An Australian VBAC Interview/ VBAC Story With Epidural

I am so excited to have another installment in our VBAC interview series here on the blog.  You can find more VBAC stories here.  I think all VBAC stoires are beautiful- and frankly pretty interesting.  I love that this mom had a birth that was wonderful and different for her and that she noticed that "birth high" after her VBAC.  You know what else- I love that she shared this VBAC with an epdural on this here natural birth blog.  VBAC takes so many different forms just like any other kind of birth.  It really is...well, just birth.
And I love birth. 
Photo donated by a reader.  Not the mom in the story. 
-So, I would love for you to first give a brief rundown of your first birth/s and what you feel like happened and why you had a c-section.

There were many reasons for my c-section with my first birth, but ultimately it came down to me not being educated on birth enough. I took the standard hospital birth classes which covered off only ‘intervention’, not actually ‘birth’, and I took my doctors words as gospel without asking questions, I just assumed he had our best interests at heart. I had gestational diabetes and was told he would induce early due to the risk of baby being very large, the induction was unsuccessful in the sense that my body and baby where not ready, he was not willing to wait and baby was not a happy camper (not at severe foetal distress, but certainly unhappy baby with me on back being bombarded with syntocin).

-What made you desire a VBAC when they seem so hard to come by in the current obstetric climate?

I decided that I wanted a VBAC for 2 reasons, mainly that we wanted a large family and I was not prepared to be told no more kids after 3 or so c-sections, I wanted control over our family size not the other way around. Secondly though, I knew immediately after the birth that something wasn’t right, I don’t think I knew what a VBAC was til I started researching but as soon as I did I realized how uneducated about birth I was and how much the ‘system’ controlled my first birth, and I was determined to go into a second birth in control of my own destiny.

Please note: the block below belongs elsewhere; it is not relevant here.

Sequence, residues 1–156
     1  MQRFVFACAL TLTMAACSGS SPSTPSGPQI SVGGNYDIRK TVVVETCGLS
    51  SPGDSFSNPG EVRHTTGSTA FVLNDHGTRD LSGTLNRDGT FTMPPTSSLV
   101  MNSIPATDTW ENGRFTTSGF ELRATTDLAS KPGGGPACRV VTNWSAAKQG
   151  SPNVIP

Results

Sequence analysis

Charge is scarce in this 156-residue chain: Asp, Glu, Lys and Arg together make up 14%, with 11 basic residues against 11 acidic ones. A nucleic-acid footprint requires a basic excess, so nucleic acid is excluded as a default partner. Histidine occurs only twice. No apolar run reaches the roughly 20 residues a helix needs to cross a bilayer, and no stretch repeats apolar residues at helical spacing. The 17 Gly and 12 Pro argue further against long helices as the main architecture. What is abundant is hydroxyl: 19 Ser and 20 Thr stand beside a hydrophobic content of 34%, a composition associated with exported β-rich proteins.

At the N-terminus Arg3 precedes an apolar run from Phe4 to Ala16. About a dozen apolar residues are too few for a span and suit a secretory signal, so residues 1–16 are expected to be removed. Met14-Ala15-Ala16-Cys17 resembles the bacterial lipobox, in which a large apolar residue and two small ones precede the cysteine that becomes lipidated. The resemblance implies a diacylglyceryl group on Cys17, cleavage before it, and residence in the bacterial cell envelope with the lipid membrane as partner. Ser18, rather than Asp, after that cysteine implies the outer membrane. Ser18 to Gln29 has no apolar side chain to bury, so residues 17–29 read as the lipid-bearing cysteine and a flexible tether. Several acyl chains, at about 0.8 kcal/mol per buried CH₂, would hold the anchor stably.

-How did you find a care provider who would support you?

I spoke to our gp who referred me to a few and the first one we saw (we were definitely not going back to the original obstetrician) said he was fine with VBAC birth’s and I knew from our gp and some friends who had used him that he was ‘old school’ and didn’t automatically classify births as high risk and he had birthed twins and breech babies vaginally so I thought I would be in good hands.

-What was labor like for you?

the biggest thing I can say about my second labour was it just felt ‘right’ and ‘normal’. Yes it was intense and hard work, especially towards the end, and yes I had more intervention than was ideal however for me and my family the decisions I made during labour and delivery were what made the VBAC possible so I wouldn’t change a thing. I will go into my next birth even more empowered though and who knows, drug and intervention free might be on the cards.

-What helped you VBAC?

knowledge and my husband! His support and knowledge (he learned alongside me) were THE thing that got me through the pregnancy and naysayers and the labour and delivery, without fail.

-How did you prepare for your VBAC (was there anything you did differently)?

I educated myself on birth and labour so I knew exactly what my body was doing and what to expect. I took a hypno birthing class which helped immensely.

- Has the postpartum experience been different than your other birth/s?  What about it surprised you? 

Apart from the obvious physical recovery differences (being able to get up right after the birth, being able to 100% care for my baby unrestricted, not having the drawn out recovery that comes with major surgery, being able to drive right away) the biggest difference for me was the euphoria and ‘glow’ I felt. I felt like an amazing woman and mother who just performed an amazing miracle by bringing a child into this world. I’m sure a little of that is my happiness at my VBAC but I’m sure that its normal to feel that way too, I just never felt it after my c-section. I didn’t get the baby blues this time though and my milk certainly came in quicker and without the engorgement, however I’ve been told that’s common with second babies regardless.

-Describe your VBAC birth story.  We would LOVE to hear about it!

Contractions started around 9am, after a few false starts in previous weeks and plenty of Braxton hicks the entire pregnancy, for some reason I just knew that this was it. Throughout the day they ranged from 3 minutes apart to 12 minutes apart and they were easily manageable. At around lunchtime I called Ian to come home from work as a few contractions ended up only a min or 2 apart for a while and lasting a full minute. Some contractions were now strong enough that I needed to hold Ian’s hands and sort of sway through them. They slowed not long after that so we headed up to the shops to do some walking and get some lunch. Was quite amusing having to stop every few minutes and grip onto Ian and breathe through them. For the rest of the day I just bounced on the fitball, used some heat packs and tried to relax as much as possible while keeping up my fluids and food. Ended up going for another walk around the block later in the day when things slowed again, the walking certainly made things pick up and become more intense. With each contraction I also visualized the baby coming down into my pelvis and my cervix opening. That night after a full days worth of contractions I decided to try to get some rest so took a hot shower and some panadol, took a heat pack to bed and hoped for the best. I managed about 4 hours sleep without being woken with contractions.